Multicultural landscapes have become mainstream over the past decade, and visible minorities have become the majority in some B.C. cities. Over the past few decades, Canadian population growth has been bolstered by immigration from Asia. In major cities such as Vancouver and Toronto, Asians make up to half of the population. This series of articles will focus most on the Chinese demographic.
Online, Chinese users are active on channels you may have never heard of, and offline, they consume publications and frequent establishments you may never have thought of. If English isn’t their first language, many Chinese prefer to consume information in their mother tongue. Even their thought and decision-making processes can be impacted by language and their cultural beliefs. Therefore, targeting these valuable and often high-spending consumers with English ads simply won’t do.
That’s why a dedicated multicultural marketing agency such as Captus Advertising exists. To bridge those intercultural gaps and help brands reach ethnic audiences locally, and worldwide.
In Part 1, I’d like to present 5 FAQs about Chinese culture.
FAQ #1: Do Chinese people speak/read/write Chinese?
Most of the Chinese community in Vancouver speak Mandarin and/or Cantonese (50/50 split) as well as some dialects.
Mainland Chinese, Singaporeans and Malaysians will read and write in Simplified Chinese.
Individuals from Taiwan, Hong Kong, and Macau will read and write in Traditional Chinese.
Traditional and Simplified Chinese are two different languages!
Did you Know? Most English ad copy cannot be directly translated into Simplified or Traditional Chinese. The meaning is literally “lost in translation”. That is why we often advocate for transcreation instead, a process that takes an English concept and transforms it into a new one that’s culturally relevant and appropriate to the target audience.
FAQ #2: What types of media do Chinese people consume?
While many younger, often bilingual Chinese consumers (Gen Z, Millenials) actively use YouTube, Facebook and Instagram, the majority of older Chinese still prefer print media. The most popular Chinese daily newspapers are Sing Tao Daily and Ming Pao Daily. There are also an assortment of free newsprint magazines available in restaurants, supermarkets, malls, shops.
Mainland Chinese also love WeChat, preferring this social media platform above all others (even Weibo). In China, WeChat is even used as one of the dominant payment methods; used more often than cash.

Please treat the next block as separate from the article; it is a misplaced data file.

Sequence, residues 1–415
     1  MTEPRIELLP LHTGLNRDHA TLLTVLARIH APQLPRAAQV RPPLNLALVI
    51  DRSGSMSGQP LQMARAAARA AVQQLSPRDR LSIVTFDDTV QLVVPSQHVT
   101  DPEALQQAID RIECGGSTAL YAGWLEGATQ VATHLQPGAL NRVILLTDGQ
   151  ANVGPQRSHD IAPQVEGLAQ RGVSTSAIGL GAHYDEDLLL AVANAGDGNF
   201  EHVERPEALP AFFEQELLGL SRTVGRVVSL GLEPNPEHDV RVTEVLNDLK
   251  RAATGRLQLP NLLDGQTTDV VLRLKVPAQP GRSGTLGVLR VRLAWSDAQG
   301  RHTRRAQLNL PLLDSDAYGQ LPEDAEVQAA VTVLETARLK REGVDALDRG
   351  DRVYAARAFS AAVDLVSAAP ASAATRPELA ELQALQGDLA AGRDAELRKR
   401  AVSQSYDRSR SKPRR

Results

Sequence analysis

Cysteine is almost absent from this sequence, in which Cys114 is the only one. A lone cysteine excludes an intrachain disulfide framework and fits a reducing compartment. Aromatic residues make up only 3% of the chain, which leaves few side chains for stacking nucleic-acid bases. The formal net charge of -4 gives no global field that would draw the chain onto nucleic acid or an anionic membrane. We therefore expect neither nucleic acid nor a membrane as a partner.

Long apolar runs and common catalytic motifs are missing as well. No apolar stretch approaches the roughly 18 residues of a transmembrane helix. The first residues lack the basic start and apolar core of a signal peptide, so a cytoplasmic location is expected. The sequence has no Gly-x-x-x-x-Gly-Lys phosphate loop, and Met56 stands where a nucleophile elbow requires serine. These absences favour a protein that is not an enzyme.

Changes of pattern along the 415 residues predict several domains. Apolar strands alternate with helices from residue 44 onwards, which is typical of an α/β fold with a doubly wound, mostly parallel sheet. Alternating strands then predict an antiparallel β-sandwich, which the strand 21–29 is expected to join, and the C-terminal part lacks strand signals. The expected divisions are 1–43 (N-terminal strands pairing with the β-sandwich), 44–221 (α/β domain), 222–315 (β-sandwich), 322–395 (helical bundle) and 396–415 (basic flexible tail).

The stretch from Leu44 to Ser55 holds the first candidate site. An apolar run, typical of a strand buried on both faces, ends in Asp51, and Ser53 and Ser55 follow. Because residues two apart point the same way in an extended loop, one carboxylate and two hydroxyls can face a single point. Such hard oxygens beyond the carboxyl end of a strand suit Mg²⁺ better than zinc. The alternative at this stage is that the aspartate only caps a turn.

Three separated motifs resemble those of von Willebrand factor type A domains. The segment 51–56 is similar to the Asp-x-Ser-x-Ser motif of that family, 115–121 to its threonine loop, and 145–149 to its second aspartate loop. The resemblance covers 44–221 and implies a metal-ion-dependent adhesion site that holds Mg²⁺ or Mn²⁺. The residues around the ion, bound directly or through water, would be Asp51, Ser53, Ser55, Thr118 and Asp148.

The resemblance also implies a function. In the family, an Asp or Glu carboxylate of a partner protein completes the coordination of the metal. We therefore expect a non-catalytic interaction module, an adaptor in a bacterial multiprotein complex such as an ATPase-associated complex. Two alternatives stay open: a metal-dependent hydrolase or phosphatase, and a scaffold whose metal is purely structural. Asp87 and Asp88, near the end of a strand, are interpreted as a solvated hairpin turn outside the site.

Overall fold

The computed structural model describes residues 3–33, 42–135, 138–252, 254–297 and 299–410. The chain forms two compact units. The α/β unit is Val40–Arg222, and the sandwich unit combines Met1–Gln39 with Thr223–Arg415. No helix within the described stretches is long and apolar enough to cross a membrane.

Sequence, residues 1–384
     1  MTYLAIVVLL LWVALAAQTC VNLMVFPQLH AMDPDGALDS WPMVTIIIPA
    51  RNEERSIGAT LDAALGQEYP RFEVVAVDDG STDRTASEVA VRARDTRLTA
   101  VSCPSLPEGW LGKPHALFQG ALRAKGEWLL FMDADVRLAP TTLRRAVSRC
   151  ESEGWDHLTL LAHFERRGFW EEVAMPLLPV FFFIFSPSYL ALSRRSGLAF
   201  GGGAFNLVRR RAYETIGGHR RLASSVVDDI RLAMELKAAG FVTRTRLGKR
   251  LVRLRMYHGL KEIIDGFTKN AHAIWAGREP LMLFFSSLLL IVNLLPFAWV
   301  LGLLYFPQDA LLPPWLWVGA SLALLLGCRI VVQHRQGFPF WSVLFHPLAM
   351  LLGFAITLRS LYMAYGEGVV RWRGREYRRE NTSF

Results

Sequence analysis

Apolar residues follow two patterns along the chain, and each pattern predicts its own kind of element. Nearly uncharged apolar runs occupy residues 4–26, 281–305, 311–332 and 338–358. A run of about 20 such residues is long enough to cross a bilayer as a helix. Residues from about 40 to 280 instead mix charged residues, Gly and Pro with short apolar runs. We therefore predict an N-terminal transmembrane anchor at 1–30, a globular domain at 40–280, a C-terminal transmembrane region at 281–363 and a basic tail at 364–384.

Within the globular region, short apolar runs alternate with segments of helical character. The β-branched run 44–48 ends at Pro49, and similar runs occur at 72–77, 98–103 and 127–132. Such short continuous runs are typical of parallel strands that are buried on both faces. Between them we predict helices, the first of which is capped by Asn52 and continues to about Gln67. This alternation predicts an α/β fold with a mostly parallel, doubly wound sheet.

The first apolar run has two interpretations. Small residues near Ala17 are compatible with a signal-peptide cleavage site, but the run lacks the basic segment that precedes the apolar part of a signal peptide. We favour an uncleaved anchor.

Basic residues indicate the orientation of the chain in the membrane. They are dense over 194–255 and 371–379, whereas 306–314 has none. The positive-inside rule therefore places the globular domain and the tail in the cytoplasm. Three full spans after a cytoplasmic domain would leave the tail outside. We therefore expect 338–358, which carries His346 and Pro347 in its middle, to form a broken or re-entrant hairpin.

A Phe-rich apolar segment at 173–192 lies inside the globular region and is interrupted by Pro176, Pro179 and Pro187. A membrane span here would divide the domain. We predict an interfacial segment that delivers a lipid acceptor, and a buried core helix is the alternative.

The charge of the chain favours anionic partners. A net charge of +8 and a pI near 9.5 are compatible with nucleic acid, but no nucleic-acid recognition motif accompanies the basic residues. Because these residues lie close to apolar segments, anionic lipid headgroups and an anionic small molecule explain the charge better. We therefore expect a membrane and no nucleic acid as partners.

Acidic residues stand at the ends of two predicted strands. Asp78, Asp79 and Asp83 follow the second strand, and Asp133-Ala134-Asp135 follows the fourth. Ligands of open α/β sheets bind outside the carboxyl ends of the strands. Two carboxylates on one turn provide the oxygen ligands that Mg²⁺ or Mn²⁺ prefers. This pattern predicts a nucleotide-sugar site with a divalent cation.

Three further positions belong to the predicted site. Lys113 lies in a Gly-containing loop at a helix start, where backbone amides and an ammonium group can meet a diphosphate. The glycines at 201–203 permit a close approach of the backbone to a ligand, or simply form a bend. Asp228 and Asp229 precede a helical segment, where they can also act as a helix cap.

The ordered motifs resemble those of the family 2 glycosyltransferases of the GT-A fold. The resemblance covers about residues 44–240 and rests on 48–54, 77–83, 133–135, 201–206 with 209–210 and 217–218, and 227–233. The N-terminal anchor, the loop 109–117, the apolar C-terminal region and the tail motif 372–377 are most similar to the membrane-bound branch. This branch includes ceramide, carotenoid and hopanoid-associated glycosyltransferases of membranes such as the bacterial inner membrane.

Chinese consumers also frequent many popular news and lifestyle websites such as Apple Daily, SCMP, Lahoo, Westca and more.
Popular video-streaming websites (used by Chinese consumers of all ages) include: iQiyi, Tudou, Youku and more.
FAQ #3: What leisure activities do Chinese people enjoy?
New immigrants or visitors from China often enjoy the same activities they pursue back home. Chinese millennials, in particular, are willing to spend large sums in these areas: dining out with friends and family at nice restaurants, karaoke, buying bubble tea, shopping (vehicles, cosmetics, apparel), social media, and playing games online. Domestic and international travel are also huge sources of consumer spending. Many Chinese parents also invest heavily in their children’s education.
Elderly Chinese in the community enjoy coming together to practice taichi, dancing or playing majiang. They enjoy light morning and evening exercise and are very active community members.
FAQ #4: What are some important Chinese holidays to advertise around?
Spring Festival (a.k.a. Lunar Chinese New Year) (Jan/Feb)
Lantern Festival (Final day of Chinese New Year) (Jan/Feb)
Qingming (a.k.a. Tomb Clearing) Festival (April)
Dragon Boat Festival (June)
Mid-Autumn Festival (Sept/Oct)
Golden Week (Oct)
These are all key holidays and special occasions for family gatherings, meals and celebrations. Chinese citizens will get many days off to celebrate and travel, thus bringing some of them into Canada on vacation and to visit relatives.
FAQ #5: Are Chinese consumers willing to try new foreign brands?
Younger Chinese consumers are becoming increasingly adventurous and they love to try new brands, especially foreign ones. Most are willing to pay a premium for foreign products, as long as the brand is associated with high-quality and stricter regulatory standards. In fact, being able to afford foreign cars, fashion, cosmetics etc. is considered a status symbol.
Written by: Jackie Quiring